How Was I Raised?
It was the first sales call of the day. My prospect was a small inner city Credit Union that had just opened its doors. Once inside the lobby, a middle-aged man approached me with a smile on his face and a question. “How were you brought up?” His query caught me by surprise. “Excuse me?” I said. “I mean, how were you raised?” the man asked. He looked me up and down, as I stood there in my suit and tie holding my leather briefcase. “You must have been raised with a lot of discipline,” he said.
That comment made me pause and think for a moment. How was I raised? I was brought up in a “blue collar” neighborhood with lots of love, a tremendous amount of freedom, and yes, a good dose of discipline. In my old neighborhood, any neighbor’s parent could “discipline” you if they caught you acting up while at their house. That was a universal rule, and all the kids on the block knew it to be true.
Another universal rule was to be home before the street lights came on. I remember one particular summer night in 1969. My mother was calling for me to come home using my full Christian name, (Annnthony Bennnedict!!!!). I thought I was in trouble, but when I got home she told me to go watch the TV. Puzzled, I sat down in front of the set with the rest of my family and was awed to see Neil Armstrong take his first steps on the Moon.
After explaining this to the man, he told me that he had a son he was trying to “bring up right”. Even though he worked late, he gave his boy books to read and asked his son about what he read every night. I told him I thought that was great. Then he asked me if I had any suggestions that would help his son be successful in life. Apparently this man presumed me to be successful (because of my suit and tie, I’m guessing), and worthy to give advice.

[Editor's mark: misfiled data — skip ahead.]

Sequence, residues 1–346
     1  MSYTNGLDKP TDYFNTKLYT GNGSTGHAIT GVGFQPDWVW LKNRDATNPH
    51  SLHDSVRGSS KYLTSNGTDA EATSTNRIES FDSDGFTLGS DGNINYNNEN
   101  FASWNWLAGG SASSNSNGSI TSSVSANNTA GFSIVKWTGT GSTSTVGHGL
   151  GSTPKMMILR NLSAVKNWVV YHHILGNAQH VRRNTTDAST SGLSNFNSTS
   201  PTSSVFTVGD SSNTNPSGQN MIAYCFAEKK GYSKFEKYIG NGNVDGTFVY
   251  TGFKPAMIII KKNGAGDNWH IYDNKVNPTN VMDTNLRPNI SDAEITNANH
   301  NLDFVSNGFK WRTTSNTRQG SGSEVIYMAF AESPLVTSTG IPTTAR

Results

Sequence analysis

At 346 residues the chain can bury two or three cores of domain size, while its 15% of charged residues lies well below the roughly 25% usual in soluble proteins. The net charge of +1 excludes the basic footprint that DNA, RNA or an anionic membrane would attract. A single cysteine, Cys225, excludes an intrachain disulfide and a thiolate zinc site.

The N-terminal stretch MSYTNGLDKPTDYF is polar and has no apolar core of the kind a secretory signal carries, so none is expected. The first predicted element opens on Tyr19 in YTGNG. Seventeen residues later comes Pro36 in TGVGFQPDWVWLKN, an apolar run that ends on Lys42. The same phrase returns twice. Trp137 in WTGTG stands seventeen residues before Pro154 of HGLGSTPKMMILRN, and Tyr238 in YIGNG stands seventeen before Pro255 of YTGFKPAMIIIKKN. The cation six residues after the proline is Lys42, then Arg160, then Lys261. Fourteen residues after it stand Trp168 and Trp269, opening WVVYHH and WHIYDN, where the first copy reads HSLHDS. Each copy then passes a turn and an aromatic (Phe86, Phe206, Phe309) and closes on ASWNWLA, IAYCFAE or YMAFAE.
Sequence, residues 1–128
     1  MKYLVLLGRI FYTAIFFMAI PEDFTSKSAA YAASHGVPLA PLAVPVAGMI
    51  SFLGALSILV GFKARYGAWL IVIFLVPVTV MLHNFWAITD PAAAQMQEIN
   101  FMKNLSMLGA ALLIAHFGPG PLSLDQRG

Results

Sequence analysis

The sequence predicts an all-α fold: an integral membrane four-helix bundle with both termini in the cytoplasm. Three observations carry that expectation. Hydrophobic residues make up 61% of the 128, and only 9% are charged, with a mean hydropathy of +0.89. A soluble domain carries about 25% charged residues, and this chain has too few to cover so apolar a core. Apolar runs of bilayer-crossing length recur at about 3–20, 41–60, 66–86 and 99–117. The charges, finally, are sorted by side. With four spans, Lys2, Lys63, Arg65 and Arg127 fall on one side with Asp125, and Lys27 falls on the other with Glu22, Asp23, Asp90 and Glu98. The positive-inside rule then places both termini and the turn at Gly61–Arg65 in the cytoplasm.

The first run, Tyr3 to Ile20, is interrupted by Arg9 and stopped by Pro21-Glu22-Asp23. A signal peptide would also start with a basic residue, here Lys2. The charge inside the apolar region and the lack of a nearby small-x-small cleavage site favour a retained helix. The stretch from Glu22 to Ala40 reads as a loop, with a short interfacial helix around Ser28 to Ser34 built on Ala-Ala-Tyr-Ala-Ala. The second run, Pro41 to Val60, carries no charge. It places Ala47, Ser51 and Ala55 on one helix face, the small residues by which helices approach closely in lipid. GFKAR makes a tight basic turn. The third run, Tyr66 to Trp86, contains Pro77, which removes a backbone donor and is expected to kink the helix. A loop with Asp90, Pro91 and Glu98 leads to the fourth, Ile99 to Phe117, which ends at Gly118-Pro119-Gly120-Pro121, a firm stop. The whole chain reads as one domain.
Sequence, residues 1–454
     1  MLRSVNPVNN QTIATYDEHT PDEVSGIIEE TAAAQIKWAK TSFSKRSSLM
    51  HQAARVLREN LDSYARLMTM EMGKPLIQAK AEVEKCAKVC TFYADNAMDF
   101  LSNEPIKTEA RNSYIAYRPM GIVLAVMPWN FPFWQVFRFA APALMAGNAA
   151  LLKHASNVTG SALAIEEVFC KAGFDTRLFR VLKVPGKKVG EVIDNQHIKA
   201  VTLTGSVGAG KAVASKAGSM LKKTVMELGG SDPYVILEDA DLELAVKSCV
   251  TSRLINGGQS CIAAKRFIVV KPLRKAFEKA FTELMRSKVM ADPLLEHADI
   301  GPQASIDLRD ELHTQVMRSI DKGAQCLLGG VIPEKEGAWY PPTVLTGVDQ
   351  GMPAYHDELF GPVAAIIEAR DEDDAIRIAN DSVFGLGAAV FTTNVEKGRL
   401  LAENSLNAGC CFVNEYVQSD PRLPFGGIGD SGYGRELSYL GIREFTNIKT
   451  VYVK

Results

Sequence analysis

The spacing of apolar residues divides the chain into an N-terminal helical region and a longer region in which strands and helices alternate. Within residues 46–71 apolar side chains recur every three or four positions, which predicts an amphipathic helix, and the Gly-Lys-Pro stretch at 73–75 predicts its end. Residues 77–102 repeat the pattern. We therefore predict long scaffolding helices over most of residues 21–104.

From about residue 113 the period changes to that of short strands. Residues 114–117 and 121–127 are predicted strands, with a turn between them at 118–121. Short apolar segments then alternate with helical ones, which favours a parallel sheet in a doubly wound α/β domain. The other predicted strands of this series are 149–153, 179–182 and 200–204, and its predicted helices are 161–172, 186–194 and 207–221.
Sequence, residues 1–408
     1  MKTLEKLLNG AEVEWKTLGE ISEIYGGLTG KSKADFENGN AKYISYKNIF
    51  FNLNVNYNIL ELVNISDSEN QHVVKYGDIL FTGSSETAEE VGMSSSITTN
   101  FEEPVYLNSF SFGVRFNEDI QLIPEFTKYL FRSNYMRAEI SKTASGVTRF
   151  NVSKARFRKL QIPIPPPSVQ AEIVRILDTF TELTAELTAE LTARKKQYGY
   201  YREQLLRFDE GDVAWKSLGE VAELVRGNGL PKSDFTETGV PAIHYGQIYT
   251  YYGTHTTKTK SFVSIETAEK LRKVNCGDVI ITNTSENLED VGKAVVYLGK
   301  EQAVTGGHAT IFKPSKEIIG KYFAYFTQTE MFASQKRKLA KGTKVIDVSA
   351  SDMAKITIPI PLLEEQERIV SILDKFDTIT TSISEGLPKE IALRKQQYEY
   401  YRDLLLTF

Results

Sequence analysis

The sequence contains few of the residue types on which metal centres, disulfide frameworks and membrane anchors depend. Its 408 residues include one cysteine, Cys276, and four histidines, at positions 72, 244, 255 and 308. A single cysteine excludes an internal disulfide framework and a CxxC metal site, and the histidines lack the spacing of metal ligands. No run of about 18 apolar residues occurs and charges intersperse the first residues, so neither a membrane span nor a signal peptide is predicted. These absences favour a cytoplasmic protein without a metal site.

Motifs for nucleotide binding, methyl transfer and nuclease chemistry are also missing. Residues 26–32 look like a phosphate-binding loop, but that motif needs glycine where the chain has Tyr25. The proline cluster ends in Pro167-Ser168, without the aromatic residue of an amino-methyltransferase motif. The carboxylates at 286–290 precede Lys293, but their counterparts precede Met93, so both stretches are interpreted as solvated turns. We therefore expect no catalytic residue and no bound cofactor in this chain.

I told him I believe that our children need to be taught good social values and where the boundaries of decent, civilized behavior are. They will surely test those boundaries, so they must be made clear. They also need to know that they are responsible for themselves, and that there are rewards and consequences to their actions. They should also be encouraged to take risks. I wouldn’t be the man I am today if I always played it “safe”.
These ideals, along with lots of love, a tremendous amount of freedom, and a good dose of discipline is a great foundation for any kid to grow up and be successful, whatever their life and destiny defines that to be.
This I believe.
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